You may be surprised to learn that news organizations like The Associated Press, have been using some form of artificial intelligence since 2014.
Many journalists try to be objective in their work, which means they don’t take sides or show bias. But there are renewed calls for journalists to stand up for what they believe is right rather than report from a position of neutrality.
Anything that persuades news consumers to pause before sharing is a good start and helps keep misinformation from polluting our information ecosystem.
The jury is still out on this question in the long term, but for now, most experts say chatbots will contribute to the spread of misinformation. Just for fun, I asked ChatGPT what it knew about me—and its response was startling.
Reporting often involves the presentation of conflicting information from different sources. When this happens, reporters must be diligent in verifying the facts and seeking multiple perspectives. Ultimately, the goal is to provide the context, evidence, and analysis needed for the audience to make an informed judgment. And in moments when information is hard to assess accurately, it is critical for reporters to explain to their readers why they couldn’t obtain that information.
ChatGPT and other AI writing tools have the potential to revolutionize many areas of our world, but unfortunately, creating disinformation is one of them.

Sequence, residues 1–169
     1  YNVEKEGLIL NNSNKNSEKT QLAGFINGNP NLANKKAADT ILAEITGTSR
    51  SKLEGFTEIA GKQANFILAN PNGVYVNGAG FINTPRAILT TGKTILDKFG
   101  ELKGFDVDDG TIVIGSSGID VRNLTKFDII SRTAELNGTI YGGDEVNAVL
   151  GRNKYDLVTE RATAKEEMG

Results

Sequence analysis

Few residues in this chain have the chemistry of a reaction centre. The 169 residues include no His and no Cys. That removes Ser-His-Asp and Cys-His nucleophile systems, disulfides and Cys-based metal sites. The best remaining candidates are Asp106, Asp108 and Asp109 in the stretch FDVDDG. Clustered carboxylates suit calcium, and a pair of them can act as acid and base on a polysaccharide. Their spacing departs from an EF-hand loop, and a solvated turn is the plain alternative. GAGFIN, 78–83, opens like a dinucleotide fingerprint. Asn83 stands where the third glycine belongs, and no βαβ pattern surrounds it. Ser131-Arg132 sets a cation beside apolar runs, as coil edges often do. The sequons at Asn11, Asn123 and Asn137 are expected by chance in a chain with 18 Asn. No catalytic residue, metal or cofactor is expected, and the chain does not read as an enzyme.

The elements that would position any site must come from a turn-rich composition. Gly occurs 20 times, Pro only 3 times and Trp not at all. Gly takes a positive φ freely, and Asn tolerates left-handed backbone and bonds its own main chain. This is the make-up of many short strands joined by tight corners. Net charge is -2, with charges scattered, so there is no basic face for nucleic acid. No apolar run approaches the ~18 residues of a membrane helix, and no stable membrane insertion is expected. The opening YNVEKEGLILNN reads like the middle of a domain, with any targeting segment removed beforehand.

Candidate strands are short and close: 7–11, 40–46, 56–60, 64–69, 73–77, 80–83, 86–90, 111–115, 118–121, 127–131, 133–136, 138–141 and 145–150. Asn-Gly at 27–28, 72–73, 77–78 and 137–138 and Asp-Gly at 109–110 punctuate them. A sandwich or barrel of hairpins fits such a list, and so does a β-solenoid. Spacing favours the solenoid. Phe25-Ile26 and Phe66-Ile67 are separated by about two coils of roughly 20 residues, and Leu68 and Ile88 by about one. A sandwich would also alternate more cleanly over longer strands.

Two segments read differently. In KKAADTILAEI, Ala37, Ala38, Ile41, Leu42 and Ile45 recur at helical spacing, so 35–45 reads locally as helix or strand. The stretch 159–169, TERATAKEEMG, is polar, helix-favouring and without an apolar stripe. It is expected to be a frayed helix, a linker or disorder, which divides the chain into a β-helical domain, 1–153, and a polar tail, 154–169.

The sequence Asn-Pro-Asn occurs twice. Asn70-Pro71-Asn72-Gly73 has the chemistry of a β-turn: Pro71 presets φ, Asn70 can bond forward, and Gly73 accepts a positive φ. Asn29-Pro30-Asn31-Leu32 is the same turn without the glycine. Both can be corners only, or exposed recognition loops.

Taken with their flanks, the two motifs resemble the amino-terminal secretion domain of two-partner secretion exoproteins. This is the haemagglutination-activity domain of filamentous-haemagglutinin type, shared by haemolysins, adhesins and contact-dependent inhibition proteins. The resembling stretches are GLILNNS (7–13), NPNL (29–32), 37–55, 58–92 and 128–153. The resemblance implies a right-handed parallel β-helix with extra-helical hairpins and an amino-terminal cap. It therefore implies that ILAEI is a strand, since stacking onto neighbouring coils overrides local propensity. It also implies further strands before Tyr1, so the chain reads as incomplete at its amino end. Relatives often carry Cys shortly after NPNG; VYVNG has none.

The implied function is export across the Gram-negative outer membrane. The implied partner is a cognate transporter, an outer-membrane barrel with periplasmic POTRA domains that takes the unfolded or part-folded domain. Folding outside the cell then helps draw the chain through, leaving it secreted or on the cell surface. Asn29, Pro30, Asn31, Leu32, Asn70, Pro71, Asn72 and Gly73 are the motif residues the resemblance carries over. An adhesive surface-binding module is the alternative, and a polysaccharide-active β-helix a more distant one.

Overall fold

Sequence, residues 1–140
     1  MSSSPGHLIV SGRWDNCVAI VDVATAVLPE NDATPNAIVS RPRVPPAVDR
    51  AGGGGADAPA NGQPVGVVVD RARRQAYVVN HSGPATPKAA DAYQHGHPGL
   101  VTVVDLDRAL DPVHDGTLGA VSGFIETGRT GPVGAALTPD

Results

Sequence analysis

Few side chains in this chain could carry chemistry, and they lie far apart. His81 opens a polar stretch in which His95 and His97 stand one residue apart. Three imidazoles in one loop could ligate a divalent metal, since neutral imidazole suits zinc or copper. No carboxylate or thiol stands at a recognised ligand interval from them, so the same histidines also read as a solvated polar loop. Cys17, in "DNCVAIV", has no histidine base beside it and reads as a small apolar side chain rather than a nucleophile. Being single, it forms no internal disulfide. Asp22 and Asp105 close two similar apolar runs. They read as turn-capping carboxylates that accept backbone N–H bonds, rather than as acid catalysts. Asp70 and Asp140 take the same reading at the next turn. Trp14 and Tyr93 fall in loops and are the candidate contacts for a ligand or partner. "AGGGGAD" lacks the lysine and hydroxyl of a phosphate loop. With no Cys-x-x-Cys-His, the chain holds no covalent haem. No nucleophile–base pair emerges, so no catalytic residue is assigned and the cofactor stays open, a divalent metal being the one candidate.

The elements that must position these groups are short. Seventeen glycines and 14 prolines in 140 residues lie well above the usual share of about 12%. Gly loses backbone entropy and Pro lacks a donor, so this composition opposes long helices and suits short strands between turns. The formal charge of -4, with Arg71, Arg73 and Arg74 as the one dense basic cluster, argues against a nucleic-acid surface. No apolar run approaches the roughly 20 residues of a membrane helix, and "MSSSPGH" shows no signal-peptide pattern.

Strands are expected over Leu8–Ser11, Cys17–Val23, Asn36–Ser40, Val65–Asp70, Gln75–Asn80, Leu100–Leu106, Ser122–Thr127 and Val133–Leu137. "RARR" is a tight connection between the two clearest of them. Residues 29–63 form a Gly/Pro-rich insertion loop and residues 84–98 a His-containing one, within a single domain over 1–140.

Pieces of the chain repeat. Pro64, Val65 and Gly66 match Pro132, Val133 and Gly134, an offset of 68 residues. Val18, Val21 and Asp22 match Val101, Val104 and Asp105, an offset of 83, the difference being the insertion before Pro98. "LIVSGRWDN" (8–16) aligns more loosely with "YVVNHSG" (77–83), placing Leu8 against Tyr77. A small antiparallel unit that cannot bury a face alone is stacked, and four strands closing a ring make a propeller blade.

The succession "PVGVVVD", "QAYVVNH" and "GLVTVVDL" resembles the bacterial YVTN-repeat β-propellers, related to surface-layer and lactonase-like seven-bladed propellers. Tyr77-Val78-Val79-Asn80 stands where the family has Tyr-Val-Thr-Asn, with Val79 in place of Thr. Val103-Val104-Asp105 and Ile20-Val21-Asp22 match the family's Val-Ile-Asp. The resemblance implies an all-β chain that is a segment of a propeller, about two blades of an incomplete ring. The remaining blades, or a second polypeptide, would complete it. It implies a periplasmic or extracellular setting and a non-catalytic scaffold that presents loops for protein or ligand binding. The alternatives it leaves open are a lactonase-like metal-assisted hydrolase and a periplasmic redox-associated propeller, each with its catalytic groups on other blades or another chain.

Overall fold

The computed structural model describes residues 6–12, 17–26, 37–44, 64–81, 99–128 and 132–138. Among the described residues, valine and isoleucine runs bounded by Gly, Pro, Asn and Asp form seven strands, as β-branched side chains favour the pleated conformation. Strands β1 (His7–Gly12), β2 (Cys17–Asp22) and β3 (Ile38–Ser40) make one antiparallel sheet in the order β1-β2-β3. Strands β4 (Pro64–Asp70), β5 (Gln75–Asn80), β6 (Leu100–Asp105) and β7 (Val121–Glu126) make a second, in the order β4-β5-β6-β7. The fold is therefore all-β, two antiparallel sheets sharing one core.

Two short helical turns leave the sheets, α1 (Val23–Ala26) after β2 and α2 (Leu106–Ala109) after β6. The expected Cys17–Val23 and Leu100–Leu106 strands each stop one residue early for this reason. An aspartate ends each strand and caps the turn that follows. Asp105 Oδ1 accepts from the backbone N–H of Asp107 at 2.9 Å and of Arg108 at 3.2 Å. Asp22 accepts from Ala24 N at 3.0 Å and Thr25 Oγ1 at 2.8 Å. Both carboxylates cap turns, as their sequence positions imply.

A recent study by NewsGuard, a tech company that helps weed out online misinformation, found that ChatGPT could be manipulated to create misinformation in 80% of attempts.
Protect your sources. It’s the cardinal rule of journalism, and reporters hold this promise of confidentiality in the highest regard. Journalists will protect a source’s identity or withhold details of their conversations when revealing these truths would be morally objectionable or life-threatening to the source. Yet, some journalists have broken this sacred covenant when their own security or safety is on the line.
At the very least, journalists must strive to publish reports that are independently verified, accurate, and fair at the time of publication. As news breaks, it’s up to the reporter and editorial team to determine the best way to inform their audience. Significant developments are often shared as follow-up pieces with entirely new headlines and write-ups.
Ethical journalists act with integrity, seek the truth, and report on it. Telling a story of public interest requires transparency on who provided the information and how the reporter acquired it. Sometimes sources or experts will only speak with a journalist if the conversation is considered on background or deep background. The terms are part of a journalist’s reporting arsenal and should only be used when necessary. But some subjects, particularly those in positions of power, have used this type of attribution to their advantage.
Journalists have a long history of putting citizens first and holding power to account–and that shouldn’t change just because there’s a new owner on the masthead. Bill Kovach and Tom Rosenstiel go even further and say in a Neiman Reports post that this responsibility is “social obligation that can actually override their employers’ immediate interests at times.”